Raybearer, on the other hand, was a breath of fresh air. Not only did it feel significantly less formulaic than the Young Adult books I read earlier, but it added elements I had never seen in the genre before. My friend and fellow writer Jarryl Bryan summed it up best: Raybeaerer is written as an autobiographical fairy tale interspersed with a West African legend. Ifueko used many of the ropes common in mainstream fantasy novels: princes and princesses (some at peace and some at war), inflexible traditions, political conspiracy, spirituality and myth-making, and a universal secret that could make or break ‘ the empire. He then infused the book with splatterings of oral storytelling, custom songs and poetry and onomatopoeia speaking drum, all of which added layers of context and complexity to a story that can be rightly called The Legend of Tarisai the Just .
Ifueko also reverses many of the ropes found in popular fantasy novels. The most important trope flop, in my opinion, is that the seat of the power of the Arit Empire, Oluwan, was modeled after a pre-colonial African Kingdom rather than a medieval European one. In this case, Oluwan is modeled after the Kingdom of Benin, which is located in what is now southern Nigeria.
Each of the interconnected kingdoms of the Arit Empire is similar to other real-world cultures and historical empires. Nonte, Mewe and Biraslov appear to have been modeled after old France, England and Russia. Quetzala is
modeled after the Aztec empire, Dhyrma after pre-colonial India and Jinhwa Gap and Songland seemed to be modeled after the Korean Empire. Most of the events at Raybearer take place in Oluwan, Swana and Gap and Songland Jinhua, and I really wish the book had explored more of the other ten areas. However, if the events at the end of the book are any indication, the Raybearer sequence should be much more exploratory.
As much as I wanted to explore Ifueko’s rich built world, Raybearer’s spread was not about the spread of empire, but about the growth and self-discovery of Tarisi as she struggles to stay true to her fight against injustices within the empire and beyond.
“Uniformity is not unity. Silence is not peace. ”
– Tarisai Judgment, Chapter 29
In October last year, The Writer’s Group in Georgetown held a seminar on writing for young people with Imam Baksh. One of the topics Baksh touched on was the psychology of teenagers. He noted that young people tend to care deeply about fairness, and remember the injustices done to them and the powerlessness that those injustices make them feel. As a result, young people love to read books in which main characters triumph over the wrongdoing in the world, ensuring order and justice.
Tarisai embodies this overarching theme of justice in Raybearer. At the beginning of the book, she is presented as intelligent and inquisitive, but ignorant of her years of isolation. Instead of being cold and standoffish, however, Tarisai radiates warmth, compassion and a burning desire to reach out to others in ways that she was unable to do as an invisible child in the House of Bhekina.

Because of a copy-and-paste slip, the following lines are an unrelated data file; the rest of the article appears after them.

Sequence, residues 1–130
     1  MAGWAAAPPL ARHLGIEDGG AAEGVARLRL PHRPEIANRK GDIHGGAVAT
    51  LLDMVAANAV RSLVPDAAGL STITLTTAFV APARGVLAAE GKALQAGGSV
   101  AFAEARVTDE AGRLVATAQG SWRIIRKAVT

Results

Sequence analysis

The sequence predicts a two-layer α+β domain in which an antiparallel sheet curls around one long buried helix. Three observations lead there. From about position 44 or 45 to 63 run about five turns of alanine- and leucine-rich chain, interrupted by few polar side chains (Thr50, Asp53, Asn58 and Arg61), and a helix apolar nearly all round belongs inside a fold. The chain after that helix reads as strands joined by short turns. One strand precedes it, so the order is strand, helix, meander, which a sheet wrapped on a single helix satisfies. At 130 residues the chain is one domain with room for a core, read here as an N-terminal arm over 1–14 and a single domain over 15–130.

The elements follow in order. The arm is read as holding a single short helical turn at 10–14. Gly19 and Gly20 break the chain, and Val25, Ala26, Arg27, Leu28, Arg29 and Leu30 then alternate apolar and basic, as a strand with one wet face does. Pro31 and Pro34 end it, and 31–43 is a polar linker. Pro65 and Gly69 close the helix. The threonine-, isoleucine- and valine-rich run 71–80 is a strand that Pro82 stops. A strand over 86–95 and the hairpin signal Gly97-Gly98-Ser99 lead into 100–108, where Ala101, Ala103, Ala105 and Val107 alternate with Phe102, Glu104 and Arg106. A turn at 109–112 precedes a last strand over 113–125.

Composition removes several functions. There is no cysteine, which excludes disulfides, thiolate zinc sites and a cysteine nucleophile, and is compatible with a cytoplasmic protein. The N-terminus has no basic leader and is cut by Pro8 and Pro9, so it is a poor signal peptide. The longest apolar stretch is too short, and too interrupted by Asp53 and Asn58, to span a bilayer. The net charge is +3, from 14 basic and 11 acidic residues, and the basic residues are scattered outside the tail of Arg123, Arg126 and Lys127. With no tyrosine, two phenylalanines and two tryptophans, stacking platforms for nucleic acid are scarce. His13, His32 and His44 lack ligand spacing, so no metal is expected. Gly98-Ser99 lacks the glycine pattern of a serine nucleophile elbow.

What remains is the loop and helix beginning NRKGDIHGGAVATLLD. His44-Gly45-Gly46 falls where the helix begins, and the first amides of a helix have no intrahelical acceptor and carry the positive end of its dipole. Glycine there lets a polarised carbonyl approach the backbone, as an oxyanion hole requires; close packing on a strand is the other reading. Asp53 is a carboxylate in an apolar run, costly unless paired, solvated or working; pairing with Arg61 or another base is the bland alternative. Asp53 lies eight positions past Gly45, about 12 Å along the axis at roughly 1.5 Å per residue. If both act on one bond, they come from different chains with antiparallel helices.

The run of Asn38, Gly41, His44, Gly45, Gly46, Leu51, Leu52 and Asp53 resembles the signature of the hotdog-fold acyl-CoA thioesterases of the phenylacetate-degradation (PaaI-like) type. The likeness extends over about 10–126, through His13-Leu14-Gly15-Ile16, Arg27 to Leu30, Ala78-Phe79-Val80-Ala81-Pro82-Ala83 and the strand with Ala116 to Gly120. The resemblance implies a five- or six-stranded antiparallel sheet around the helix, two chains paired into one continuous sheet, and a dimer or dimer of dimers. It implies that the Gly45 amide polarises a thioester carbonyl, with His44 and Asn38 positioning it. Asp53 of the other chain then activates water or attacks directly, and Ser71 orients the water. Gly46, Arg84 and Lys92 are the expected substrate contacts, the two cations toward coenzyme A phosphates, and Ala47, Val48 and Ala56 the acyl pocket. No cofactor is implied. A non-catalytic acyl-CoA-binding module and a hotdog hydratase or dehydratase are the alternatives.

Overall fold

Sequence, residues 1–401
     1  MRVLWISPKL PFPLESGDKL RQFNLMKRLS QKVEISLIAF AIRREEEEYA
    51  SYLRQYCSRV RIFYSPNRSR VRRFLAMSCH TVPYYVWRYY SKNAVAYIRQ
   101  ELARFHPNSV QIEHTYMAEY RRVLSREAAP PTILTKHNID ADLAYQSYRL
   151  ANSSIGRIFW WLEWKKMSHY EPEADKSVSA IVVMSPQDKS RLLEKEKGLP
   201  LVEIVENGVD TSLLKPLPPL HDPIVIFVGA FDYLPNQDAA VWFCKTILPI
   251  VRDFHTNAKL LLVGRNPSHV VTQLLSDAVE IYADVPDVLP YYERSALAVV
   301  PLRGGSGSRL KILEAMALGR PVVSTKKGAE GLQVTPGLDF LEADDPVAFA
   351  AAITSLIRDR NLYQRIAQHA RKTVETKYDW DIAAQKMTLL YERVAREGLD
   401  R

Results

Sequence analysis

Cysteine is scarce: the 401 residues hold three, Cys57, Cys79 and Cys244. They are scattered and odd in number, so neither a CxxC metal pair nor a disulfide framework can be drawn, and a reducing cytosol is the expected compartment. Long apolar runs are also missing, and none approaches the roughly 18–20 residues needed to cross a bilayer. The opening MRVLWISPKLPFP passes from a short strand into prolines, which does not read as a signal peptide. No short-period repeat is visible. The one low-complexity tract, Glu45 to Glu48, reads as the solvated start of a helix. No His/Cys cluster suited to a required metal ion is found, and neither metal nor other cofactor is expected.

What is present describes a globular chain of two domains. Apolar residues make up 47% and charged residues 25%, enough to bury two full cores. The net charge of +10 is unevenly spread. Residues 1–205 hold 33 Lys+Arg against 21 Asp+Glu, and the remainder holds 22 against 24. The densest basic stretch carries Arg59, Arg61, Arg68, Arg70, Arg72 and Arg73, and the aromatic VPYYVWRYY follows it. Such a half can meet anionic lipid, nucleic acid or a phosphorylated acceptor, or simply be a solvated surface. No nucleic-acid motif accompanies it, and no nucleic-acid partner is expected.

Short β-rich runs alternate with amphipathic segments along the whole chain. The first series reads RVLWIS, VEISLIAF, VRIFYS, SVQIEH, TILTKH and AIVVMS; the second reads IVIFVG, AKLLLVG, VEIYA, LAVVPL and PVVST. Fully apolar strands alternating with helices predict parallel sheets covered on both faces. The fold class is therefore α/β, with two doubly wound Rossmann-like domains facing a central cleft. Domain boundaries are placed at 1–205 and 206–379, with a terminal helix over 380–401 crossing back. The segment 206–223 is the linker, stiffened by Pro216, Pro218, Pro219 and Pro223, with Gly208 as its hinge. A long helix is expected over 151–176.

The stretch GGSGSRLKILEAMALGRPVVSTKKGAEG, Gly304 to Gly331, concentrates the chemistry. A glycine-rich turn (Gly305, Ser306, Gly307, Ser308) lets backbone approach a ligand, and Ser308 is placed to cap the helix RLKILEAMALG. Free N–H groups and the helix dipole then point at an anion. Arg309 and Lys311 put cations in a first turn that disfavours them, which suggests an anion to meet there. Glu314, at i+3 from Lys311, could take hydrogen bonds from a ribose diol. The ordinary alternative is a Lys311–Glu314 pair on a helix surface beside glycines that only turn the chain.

While this open heart is excellent, it becomes the central source of conflict of the story. Tarisai wants to put right the systemic injustice he sees in fair ways. On the other hand, her adult mentors and her family either want to maintain the order and rigidity of existing systems or want to replace the system with something that seems different, but fundamentally the same.
Through Tarisai’s journey to find love, friendship, and justice, Ifueko slips into criticisms of imperialism, agism, and sexism while providing her readers with a gripping narrative, a tight, fast-paced plot, and a world so detailed that it almost feels Really. Needless to say, Raybearer is a gem of a novel.
In summary, I loved Raybearer. There is so much more I want to talk about: the themes, Ifueko’s beautiful prose, world-building, the romance. I can, and I have spent hours flipping about this book. It was a quick read that tackled heavy topics while still feeling like a fun, high school fantasy drama. I loved watching Tarisai grow and learn and fight for what she believes in. I loved exploring a bit of the Arit Empire with her. Most of all, I loved watching young people working together to change their world for the benefit of all and not just themselves or their individual cohorts.
Raybearer was one of the best gifts I ever received. If you know someone who loves fantasy books with magic, royal court shenanigans and adventure sprinkled with black women’s magic on top, this would be an excellent Christmas gift for them.
It certainly was for me.
You can click here to read an excerpt from Raybearer.
Nikita Blair is a writer of speculative and creative fiction. Her work has featured in Ku’wai Moray House magazine, The Guyana Annual, and the Commonwealth Author blog. A collection of her work can be found on her blog, blairviews, where she writes book reviews, essays, and articles on topics of interest.